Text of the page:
Justin Amash has a useful fact sheet on the Amash-Conyers amendment that would defund dragnet 215 collection. (If you haven’t yet called your Congressperson and told her to support the amendment, please do so!)
As a whole, the fact sheet clears up some misconceptions about the amendment, making it clear, for example, that the amendment only returns the meaning of Section 215 to the intent Congress had when it first passed.
Given that the fact sheet — dated today — appears to post-date yesterday’s TS/SCI briefing by Keith Alexander and James Clapper, I am particularly interested in these two sentences.
The administration has not provided a public explanation as to how the telephone records of all Americans are “relevant” to a national security investigation. Similarly, Sec. 215 is silent as to how the government may use these records once it has obtained them.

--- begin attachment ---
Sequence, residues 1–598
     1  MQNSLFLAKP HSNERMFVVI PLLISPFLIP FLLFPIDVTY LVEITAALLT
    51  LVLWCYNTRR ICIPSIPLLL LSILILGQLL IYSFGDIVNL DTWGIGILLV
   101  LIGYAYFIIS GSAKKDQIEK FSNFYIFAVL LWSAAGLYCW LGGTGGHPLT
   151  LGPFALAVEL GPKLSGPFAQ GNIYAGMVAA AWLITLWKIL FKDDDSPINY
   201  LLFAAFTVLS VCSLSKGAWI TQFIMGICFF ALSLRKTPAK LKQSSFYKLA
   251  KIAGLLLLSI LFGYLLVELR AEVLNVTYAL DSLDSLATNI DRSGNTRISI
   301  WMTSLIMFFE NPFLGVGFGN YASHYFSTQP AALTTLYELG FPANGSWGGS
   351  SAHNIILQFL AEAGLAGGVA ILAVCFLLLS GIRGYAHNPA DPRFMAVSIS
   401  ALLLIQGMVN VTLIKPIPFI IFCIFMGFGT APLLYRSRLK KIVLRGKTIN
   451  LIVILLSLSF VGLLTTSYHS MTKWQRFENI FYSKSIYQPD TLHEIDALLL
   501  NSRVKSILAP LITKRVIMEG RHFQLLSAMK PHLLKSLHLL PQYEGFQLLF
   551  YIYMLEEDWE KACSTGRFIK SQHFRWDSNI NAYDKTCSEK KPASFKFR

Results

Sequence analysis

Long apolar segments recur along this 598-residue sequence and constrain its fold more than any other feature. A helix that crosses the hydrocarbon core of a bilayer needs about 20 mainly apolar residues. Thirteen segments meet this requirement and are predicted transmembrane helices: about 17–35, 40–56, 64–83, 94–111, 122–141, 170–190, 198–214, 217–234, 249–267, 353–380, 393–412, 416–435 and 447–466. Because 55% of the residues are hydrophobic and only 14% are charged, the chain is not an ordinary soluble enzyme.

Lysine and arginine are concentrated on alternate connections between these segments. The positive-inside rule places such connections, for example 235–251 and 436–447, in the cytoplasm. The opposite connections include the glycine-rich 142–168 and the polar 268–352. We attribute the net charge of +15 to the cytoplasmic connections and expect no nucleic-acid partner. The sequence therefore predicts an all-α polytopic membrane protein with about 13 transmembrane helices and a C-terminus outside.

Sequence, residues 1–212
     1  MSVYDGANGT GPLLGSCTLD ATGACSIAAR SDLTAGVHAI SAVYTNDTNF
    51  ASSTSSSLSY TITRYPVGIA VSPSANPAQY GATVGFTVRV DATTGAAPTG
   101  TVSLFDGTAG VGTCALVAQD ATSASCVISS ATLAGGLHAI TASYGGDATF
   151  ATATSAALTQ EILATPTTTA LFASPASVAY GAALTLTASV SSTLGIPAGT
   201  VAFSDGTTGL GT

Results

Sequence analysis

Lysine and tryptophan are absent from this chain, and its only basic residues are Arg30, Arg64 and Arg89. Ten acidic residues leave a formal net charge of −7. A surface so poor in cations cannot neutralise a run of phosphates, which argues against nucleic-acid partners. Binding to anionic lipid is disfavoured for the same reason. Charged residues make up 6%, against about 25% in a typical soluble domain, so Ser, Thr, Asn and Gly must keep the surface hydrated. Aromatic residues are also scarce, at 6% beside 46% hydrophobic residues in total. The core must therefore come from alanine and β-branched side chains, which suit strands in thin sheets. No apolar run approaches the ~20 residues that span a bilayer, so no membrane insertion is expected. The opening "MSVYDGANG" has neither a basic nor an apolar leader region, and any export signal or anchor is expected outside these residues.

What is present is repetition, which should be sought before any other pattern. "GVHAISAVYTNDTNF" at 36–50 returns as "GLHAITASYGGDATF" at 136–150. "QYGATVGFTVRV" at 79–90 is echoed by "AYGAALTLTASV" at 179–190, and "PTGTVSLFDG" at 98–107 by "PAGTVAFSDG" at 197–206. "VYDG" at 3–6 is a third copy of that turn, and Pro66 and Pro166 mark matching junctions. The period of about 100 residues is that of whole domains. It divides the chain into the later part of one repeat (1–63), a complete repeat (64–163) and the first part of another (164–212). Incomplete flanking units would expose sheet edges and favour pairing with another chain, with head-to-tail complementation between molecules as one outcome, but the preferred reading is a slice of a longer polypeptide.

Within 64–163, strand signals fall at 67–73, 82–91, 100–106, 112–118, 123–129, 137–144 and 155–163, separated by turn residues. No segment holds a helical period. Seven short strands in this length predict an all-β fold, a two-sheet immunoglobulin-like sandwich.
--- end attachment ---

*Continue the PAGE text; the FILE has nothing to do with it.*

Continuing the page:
The language seems to suggest the Administration has provided a classified explanation as to how phone records became “relevant to” a massive terrorism investigation.
More interestingly, the next sentence points to the Administration’s silence about how the government can use this dragnet collection.
That’s a concern I’ve long had. After all, only FISA Court minimization might, with very strict language, prevent the National Counterterrorism Center from simply copying the dragnet database and data mining it with abandon. And so I find it interesting that a document released after yesterday’s TS/SCI hearing mentions the possibility the government does something with it beyond what they’ve stated publicly.
If this were a Ron Wyden statement, I’d take it as a big hint. I’m not sure it is meant as such here, but it does heighten my concerns that this data is circulated far more widely than the government has admitted.